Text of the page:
Flower anatomy

Tulip from Crystal Hermitage Garden at Ananda

I never tire of taking photos of flowers. For some reason though, I’ve long neglected the process of understanding them. Like all living things, they have organized themselves to survive and reproduce. Beauty is their strategy for success and their anatomy is carefully designed to interact with their environment. I truly appreciate this flower anatomy lesson found at ProFlowers.

Petals are what give a flower its unique shape, and are often brightly colored to attract insects and critters, which unwittingly aid in the fertilization of ovules through pollination.

Sepals are the small, leaf-like parts growing at the base of the petals. They serve to protect the flower before it blossoms.

Peduncle refers to the stem or stalk of a flower.

Receptacle is the thickened part at the bottom of the flower which holds its major organs.

Pistil is the female organ of the flower. It consists of four major parts:

    1.    Stigma – The head of the pistil. The stigma receives pollen, which will begin the process of fertilization.
    2.    Style – This is the name for the stalk of the pistil. When pollen reaches the stigma, it begins to grow a tube through the style called a pollen tube, which will eventually reach the ovary. The style therefore acts as a buffer against pollen contamination, since only compatible pollen is able to grow a pollen tube.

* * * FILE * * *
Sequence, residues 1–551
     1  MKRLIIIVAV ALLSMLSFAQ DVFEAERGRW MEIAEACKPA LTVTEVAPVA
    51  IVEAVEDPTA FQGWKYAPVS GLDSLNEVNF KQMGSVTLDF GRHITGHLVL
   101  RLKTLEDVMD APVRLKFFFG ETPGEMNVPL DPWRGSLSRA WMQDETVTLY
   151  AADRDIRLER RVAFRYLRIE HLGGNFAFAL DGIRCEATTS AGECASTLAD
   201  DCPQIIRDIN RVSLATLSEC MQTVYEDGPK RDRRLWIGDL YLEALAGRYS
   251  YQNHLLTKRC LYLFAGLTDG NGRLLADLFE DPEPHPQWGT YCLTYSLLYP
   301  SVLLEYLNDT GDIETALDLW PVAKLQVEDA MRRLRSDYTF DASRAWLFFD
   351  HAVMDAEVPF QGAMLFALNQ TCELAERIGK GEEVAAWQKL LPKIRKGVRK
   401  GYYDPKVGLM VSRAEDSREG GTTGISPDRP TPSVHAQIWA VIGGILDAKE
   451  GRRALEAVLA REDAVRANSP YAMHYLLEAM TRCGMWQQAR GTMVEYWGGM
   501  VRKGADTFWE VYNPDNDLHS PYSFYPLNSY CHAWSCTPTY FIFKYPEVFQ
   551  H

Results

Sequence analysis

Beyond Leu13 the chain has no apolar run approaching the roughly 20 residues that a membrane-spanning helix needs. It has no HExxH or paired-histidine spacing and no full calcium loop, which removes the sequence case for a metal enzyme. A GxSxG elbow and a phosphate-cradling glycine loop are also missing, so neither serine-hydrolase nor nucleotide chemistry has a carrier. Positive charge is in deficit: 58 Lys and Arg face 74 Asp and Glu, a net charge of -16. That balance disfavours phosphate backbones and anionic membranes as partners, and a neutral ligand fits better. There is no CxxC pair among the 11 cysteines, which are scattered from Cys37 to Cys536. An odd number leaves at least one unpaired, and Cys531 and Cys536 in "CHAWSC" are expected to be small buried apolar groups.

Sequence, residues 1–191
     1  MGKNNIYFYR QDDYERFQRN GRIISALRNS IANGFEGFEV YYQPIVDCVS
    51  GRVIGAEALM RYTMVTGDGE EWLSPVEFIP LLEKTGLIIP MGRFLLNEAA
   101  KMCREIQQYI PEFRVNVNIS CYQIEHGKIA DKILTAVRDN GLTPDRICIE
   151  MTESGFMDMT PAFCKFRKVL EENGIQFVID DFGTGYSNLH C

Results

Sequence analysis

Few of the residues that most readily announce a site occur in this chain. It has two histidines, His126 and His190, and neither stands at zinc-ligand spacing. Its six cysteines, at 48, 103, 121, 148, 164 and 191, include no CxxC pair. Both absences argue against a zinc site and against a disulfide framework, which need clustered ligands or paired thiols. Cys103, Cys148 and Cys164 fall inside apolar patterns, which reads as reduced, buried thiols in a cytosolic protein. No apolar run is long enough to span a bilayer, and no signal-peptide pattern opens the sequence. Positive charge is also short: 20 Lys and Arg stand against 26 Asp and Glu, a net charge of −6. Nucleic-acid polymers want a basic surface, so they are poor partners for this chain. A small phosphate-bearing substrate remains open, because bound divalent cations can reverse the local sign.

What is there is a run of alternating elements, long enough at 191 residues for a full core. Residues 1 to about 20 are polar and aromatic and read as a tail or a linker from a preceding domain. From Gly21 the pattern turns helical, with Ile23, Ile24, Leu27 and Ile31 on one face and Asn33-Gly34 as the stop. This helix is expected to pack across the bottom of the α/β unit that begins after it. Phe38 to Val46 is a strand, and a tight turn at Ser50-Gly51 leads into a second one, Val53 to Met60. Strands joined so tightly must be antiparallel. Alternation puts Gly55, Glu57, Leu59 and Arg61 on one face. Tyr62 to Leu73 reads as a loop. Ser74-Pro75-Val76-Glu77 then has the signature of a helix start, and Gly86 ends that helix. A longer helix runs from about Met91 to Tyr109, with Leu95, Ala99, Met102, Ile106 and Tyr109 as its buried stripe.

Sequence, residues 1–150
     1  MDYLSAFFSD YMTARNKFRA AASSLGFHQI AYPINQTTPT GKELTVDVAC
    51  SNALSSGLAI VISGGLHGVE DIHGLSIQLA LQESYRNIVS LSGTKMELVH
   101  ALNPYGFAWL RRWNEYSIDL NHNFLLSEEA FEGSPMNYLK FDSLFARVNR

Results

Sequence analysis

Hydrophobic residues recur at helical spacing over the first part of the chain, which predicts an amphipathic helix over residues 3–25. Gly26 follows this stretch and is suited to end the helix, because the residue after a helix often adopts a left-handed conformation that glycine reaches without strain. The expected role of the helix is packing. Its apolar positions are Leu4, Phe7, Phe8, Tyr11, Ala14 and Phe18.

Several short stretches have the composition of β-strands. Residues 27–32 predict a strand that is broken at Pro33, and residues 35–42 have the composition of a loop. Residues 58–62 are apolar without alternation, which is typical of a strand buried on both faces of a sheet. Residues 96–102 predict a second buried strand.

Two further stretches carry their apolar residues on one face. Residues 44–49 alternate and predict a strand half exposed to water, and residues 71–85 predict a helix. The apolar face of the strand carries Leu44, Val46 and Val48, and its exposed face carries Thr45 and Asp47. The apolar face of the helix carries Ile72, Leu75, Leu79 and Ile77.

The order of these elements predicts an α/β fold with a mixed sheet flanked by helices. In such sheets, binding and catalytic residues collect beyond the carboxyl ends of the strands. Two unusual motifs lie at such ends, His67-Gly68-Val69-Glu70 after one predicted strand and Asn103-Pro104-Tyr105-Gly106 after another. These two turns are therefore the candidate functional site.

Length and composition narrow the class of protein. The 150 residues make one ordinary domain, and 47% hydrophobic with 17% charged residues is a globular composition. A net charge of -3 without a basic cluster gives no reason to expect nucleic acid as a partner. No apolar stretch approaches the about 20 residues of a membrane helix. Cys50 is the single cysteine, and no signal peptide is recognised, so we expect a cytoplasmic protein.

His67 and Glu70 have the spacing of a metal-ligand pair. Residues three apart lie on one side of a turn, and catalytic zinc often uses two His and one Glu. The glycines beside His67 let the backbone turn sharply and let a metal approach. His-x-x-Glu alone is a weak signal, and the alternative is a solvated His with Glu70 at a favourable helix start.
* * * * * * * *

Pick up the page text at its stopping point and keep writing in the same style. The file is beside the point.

3.    Ovary – The base of the pistil. This organ holds the ovules awaiting fertilization.
    4.    Ovules – These are the flower’s eggs, located inside the ovary. Upon fertilization by pollen, they will eventually grow into a seed. In fruit plants, pollen will not only spark the growth of a seed, but a surrounding fruit as well.

Stamen is the male organ of the flower, consisting of two major parts:
    1.    Anther – The head of the stamen. The anther is responsible for the production of pollen, which will hopefully be transported to the pistil by animals or insects, such as bees. This is a crucial part of the reproduction of the plant.
    2.    Filament – This is the stalk that holds the anther and attaches it to the flower.

Making More Flowers
It’s amazing for nature to provide a flower with the ability to reproduce without the need for a mate, but not all of them do!

Some flowers have only male or female organs, and require a separate flower of the opposite gender to reproduce. We call these Imperfect Flowers. Perfect Flowers, on the other hand, have both a stamen and a pistil, and are able to reproduce on their own.